p.2 Marine News
Another Severe Gale - Schooner Wrecked - The wind, which was in the south-east last evening, changed into the north-east during the fore-part of the night and blew a perfect gale. The Schooner Christiana, Capt. Patterson, from Picton, with a cargo of 2000 bus. barley, in attempting to come in the harbor at about eleven o'clock, under foresail and jib, lost her gaff, and in consequence she broached to, struck the pier, and in a few moments was a complete wreck. The Captain and crew (four in number) managed to get on the pier, and thereby saved their lives. Pieces of the wreck are strewn along the shore above the pier. The Christiana was a Canadian vessel, and it is probable that she was insured. The barley was consigned to George Ames. [Oswego Times 26th]
Signals of Distress Getting Useless - The following communication from a sailor not only in the professional sense, but in all the qualities of head and heart, is opportune just at this time when the lakes are stormy, and large fleets are constantly out.
Editor Commercial:- Not long since we read that the captain of the steamer Sam Ward, saw a schooner with a signal of distress flying off Point au Barques, but didn't go to her relief. Later we have an account of Capt. Harding in the Tug Salvor being broke down in Lake Michigan and lying at the mercy of the wind and sea, with a signal of distress flying; that a top-sail schooner passed along, and went on her way rejoicing, if a man with a heart in his bosom could rejoice after being guilty of so infamous an act; but fortunately for Capt. Harding another vessel came along whose master had a true sailor's heart, and towed him into port. More recently the schooner Goodell was on the rock off the East Sister, with a signal of distress flying. A propeller passed by so near that the captain of the schooner could read her name, but I forbear to give it as the captain must have been asleep, and probably all hands. It must have been so, or they could not have found it in their hearts to have passed her. [Buffalo Com. Adv.]
Wreck - The schooner Dahlia, Capt. Campbell, was wrecked on Mouse Island recently. After the vessel struck she pounded back and forth for some time, until badly stove on the starboard side, and then rested closely against the island, the shore of which, at the point where she struck, was of perpendicular jagged rocks, about twenty feet in height. The crew saved themselves by watching their opportunity between seas, and clambering up the rocks to land. This was a difficult operation, owing to the slipperiness of the rocks, and in his efforts thus to get off, the first mate, O.P. Hamilton, of Oswego, had three of his ribs broken. [Oswego Times]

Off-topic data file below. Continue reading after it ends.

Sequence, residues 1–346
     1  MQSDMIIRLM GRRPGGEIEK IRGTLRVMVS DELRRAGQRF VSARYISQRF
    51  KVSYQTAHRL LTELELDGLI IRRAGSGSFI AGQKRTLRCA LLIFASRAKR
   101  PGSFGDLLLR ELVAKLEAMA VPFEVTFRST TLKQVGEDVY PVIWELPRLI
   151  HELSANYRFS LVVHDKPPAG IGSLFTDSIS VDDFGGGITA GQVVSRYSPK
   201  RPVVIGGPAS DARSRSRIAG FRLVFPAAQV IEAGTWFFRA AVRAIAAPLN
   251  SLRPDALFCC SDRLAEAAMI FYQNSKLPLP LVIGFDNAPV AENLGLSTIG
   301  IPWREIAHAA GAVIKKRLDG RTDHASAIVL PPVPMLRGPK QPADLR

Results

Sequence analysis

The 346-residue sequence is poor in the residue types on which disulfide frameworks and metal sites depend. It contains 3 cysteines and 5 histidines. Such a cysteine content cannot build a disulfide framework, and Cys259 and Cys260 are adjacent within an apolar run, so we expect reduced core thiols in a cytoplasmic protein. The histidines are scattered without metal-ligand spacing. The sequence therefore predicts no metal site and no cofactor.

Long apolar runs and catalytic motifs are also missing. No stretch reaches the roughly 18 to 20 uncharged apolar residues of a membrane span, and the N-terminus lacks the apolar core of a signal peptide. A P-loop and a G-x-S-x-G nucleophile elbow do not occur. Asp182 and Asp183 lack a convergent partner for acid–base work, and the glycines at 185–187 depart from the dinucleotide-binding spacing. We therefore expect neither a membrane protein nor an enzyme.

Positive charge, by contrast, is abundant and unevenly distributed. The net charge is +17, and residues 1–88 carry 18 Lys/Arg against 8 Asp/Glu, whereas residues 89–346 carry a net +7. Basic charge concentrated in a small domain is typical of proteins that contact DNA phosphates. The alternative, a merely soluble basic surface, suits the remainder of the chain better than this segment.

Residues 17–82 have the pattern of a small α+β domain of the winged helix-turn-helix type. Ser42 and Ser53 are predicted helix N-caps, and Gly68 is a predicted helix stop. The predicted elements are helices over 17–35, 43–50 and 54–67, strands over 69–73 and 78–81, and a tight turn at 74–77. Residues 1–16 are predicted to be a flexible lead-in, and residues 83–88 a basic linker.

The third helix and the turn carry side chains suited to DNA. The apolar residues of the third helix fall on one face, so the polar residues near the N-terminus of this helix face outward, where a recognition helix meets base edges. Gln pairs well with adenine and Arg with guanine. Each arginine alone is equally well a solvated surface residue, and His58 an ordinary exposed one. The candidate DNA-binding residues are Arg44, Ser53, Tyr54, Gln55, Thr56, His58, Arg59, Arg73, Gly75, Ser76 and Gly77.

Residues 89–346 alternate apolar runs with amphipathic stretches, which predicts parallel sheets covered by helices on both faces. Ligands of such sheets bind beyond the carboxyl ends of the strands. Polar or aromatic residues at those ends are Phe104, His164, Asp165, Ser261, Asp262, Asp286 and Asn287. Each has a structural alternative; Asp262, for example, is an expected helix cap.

Wreck of the Steamer Reindeer
Twenty-one Lives Lost - Terrific Gale and Snow Storm on the Lakes
About noon of yesterday the propeller Mears arrived in port from Big Point Sauble, bringing intelligence of the wreck of the Canadian steamer Reindeer, about 8 miles north of the Point. She also brought over Chas. Rowe, the mate of the schooner Alwilda - also lost - who communicated to us some of the particulars. On Tuesday last two men arrived at Point Sauble, almost naked, and their feet badly frozen, who informed the people of the neighborhood that they were firemen on board of the Reindeer, and that they were the sole survivors of the entire crew, she having been wrecked the previous evening. They stated that all Monday a most terrific gale blew from S.W.S., suddenly shifting to all points of the compass with a tremendous sea running. The steamer kept up pretty well all the forenoon, but in the afternoon she shipped a heavy sea, which extinguished the fires, and the Captain had no recourse left but to set the helm up and make for the beach.
For several hours in the evening the snow storm and hurricane increased in fury, and it was utterly impossible to do or see anything. Those on board could only await with anxiety the fate which they knew awaited them. At length - somewhere about midnight the steamer struck, and almost instantly the sea broke over her, and washed the whole crew into the lake, where twenty-one of them found watery graves. The two men who escaped were firemen, and they state that they are utterly unable to relate how or or in what manner they were saved. The first they knew after she struck, was when they found themselves on the rocky beach. Next day the steamer was nearly all broken to pieces, and her timbers and cargo were strewn along the shore for miles.
The Reindeer was a side-wheel steamer, known here by sailors as a "Polly-wog." She was owned by Holcomb & Henderson, of Montreal, and sailed from this port on the 16th instant, with 13,000 bushels of wheat, 61 barrels tallow, and some flour, for St. Joseph, where she was to take on some flour, and then start for Kingston. She had a crew of twenty-one, and two passengers. The name of the Captain was George Patterson, a Scotchman who belonged to Kingston. He was much respected by all who knew him. The name of the steward was James Henery, and that of the purser, Charles Bradford; but these are all the names which can be obtained from the agent of the steamer at this port. She was eight or ten years old, and was valued at from fifteen to twenty thousand dollars. The cargo was owned by Renaud and Frere, of Montreal. Both vessel and cargo were insured. [Chicago Press]
p.3 Imports - 27,28.